LOUISVILLE, Ky. (WDRB) -- An alleged victim of domestic violence spent more than five hours in jail.

It began Thursday morning in a bond reduction hearing for Lomac Jeter. He's accused of assaulting his girlfriend, Jasmine Stone.

But during the hearing, Stone told District Court Judge Sheila Collins that she made up the story, changing the statements she gave to a police officer.

“There's no marks, no scratches, no anything because no hands was put on me,” said Stone.

“So he [the officer] made up all that then?” asked Judge Collins.

“Yes,” Stone responded.

“He made up all that stuff?” asked Collins.

made up all that stuff,” said Stone.

When Stone also denied an earlier sworn statement that she is pregnant, Judge Collins had had enough. “Is that the sworn affidavit? Sheriff, take her into custody.”

Collins charged Stone with making false statements. Assistant County Attorney Susan Ely tried to come to her defense.

“Domestic violence victims often say different stories for a multitude of reasons,” Ely told the judge.

Marta Miranda, president and CEO of the Center for Women and Families calls cases such as this, “A classic dynamic of being in a domestic violence, battering situation.”

Miranda says she can't comment on a specific case, but says domestic violence victims will recant 90% of the time, under pressure from family, friends and the abuser.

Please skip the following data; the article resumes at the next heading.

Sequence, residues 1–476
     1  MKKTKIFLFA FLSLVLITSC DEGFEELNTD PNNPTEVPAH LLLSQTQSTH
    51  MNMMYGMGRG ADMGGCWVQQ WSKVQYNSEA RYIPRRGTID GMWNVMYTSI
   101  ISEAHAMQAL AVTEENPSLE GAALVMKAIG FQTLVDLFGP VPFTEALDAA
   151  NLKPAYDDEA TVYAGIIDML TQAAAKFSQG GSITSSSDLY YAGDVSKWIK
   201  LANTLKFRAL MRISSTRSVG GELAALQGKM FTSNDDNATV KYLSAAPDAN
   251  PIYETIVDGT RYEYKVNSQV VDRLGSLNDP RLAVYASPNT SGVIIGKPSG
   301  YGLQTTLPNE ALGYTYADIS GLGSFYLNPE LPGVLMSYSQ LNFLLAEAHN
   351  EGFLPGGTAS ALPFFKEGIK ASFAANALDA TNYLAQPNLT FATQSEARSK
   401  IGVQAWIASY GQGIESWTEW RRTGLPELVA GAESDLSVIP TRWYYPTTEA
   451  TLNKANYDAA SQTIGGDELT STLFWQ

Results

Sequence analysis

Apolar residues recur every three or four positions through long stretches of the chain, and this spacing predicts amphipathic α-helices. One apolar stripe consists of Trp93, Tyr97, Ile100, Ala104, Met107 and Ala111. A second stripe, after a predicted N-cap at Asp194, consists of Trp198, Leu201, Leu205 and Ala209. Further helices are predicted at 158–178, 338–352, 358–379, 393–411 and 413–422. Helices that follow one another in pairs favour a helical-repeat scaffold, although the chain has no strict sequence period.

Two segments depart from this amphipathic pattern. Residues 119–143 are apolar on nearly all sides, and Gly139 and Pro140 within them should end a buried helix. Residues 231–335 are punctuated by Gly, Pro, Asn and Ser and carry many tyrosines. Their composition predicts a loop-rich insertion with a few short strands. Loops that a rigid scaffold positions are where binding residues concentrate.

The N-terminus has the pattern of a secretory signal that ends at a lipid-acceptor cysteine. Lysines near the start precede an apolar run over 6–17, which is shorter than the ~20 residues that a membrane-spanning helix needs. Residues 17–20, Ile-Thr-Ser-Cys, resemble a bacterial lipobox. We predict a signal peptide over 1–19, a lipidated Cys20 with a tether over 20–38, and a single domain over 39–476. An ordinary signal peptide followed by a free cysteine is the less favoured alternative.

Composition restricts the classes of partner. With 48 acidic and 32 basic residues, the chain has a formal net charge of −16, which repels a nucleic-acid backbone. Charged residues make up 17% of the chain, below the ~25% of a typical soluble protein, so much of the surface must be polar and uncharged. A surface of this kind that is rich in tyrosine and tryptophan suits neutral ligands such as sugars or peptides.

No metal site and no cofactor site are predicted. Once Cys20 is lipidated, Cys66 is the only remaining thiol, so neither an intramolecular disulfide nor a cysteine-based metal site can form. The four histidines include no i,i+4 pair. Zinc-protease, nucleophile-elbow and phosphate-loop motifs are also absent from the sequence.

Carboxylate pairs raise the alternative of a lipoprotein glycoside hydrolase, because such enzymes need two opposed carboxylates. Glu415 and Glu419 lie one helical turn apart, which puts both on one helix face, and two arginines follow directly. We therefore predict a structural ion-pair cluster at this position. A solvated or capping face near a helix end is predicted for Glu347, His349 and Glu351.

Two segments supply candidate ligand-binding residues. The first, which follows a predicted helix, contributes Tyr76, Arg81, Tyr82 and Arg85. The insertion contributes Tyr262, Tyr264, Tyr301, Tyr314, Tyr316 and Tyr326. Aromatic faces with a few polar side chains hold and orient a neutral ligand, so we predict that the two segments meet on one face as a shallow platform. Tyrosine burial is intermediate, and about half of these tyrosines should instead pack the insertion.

“This is a case of manipulation. This is a case of extreme pressure. And this is a case where we all want our families to work, and that it is not a simple crime,” she said.

During the hearing, Judge Collins admitted, “I can't tell what's true and what's not true.”

Miranda says judges must often make tough calls in domestic violence cases, but does not believe jail is the best option when victims change their stories.

“When a judge decides that he or she is going to put a victim in jail, that further reduces the potential for that victim to come forward the next time when she actually may be ready to not recant,” she said.

Stone was released from jail Thursday evening, and at a hearing Friday morning, a different judge dropped the charge.

Judge Collins has not returned a call seeking comment.

Jasmine Stone told WDRB by phone that she does not want to discuss the case right now.

During her 2010 re-election, Collins was rated Most Highly Qualified by the Louisville Bar Association.

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